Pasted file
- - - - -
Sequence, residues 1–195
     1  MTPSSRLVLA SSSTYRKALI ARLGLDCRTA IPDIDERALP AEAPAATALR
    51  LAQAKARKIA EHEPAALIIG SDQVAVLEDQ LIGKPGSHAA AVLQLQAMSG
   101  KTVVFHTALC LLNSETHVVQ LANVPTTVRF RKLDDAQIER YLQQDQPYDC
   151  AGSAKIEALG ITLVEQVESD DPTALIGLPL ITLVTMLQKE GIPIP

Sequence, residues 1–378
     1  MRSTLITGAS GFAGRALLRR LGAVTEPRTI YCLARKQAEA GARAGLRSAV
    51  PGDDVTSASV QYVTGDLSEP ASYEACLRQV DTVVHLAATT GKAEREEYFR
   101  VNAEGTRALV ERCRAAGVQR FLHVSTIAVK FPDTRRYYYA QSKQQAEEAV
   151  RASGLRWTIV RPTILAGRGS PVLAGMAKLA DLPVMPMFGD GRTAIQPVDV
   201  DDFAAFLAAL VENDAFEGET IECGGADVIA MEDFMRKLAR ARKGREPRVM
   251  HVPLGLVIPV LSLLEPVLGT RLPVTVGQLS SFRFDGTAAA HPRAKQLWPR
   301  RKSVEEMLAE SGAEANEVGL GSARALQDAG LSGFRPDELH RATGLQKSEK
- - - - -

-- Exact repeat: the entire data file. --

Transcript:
Sequence, residues 1–195
     1  MTPSSRLVLA SSSTYRKALI ARLGLDCRTA IPDIDERALP AEAPAATALR
    51  LAQAKARKIA EHEPAALIIG SDQVAVLEDQ LIGKPGSHAA AVLQLQAMSG
   101  KTVVFHTALC LLNSETHVVQ LANVPTTVRF RKLDDAQIER YLQQDQPYDC
   151  AGSAKIEALG ITLVEQVESD DPTALIGLPL ITLVTMLQKE GIPIP

Sequence, residues 1–378
     1  MRSTLITGAS GFAGRALLRR LGAVTEPRTI YCLARKQAEA GARAGLRSAV
    51  PGDDVTSASV QYVTGDLSEP ASYEACLRQV DTVVHLAATT GKAEREEYFR
   101  VNAEGTRALV ERCRAAGVQR FLHVSTIAVK FPDTRRYYYA QSKQQAEEAV
   151  RASGLRWTIV RPTILAGRGS PVLAGMAKLA DLPVMPMFGD GRTAIQPVDV
   201  DDFAAFLAAL VENDAFEGET IECGGADVIA MEDFMRKLAR ARKGREPRVM
   251  HVPLGLVIPV LSLLEPVLGT RLPVTVGQLS SFRFDGTAAA HPRAKQLWPR
   301  RKSVEEMLAE SGAEANEVGL GSARALQDAG LSGFRPDELH RATGLQKSEK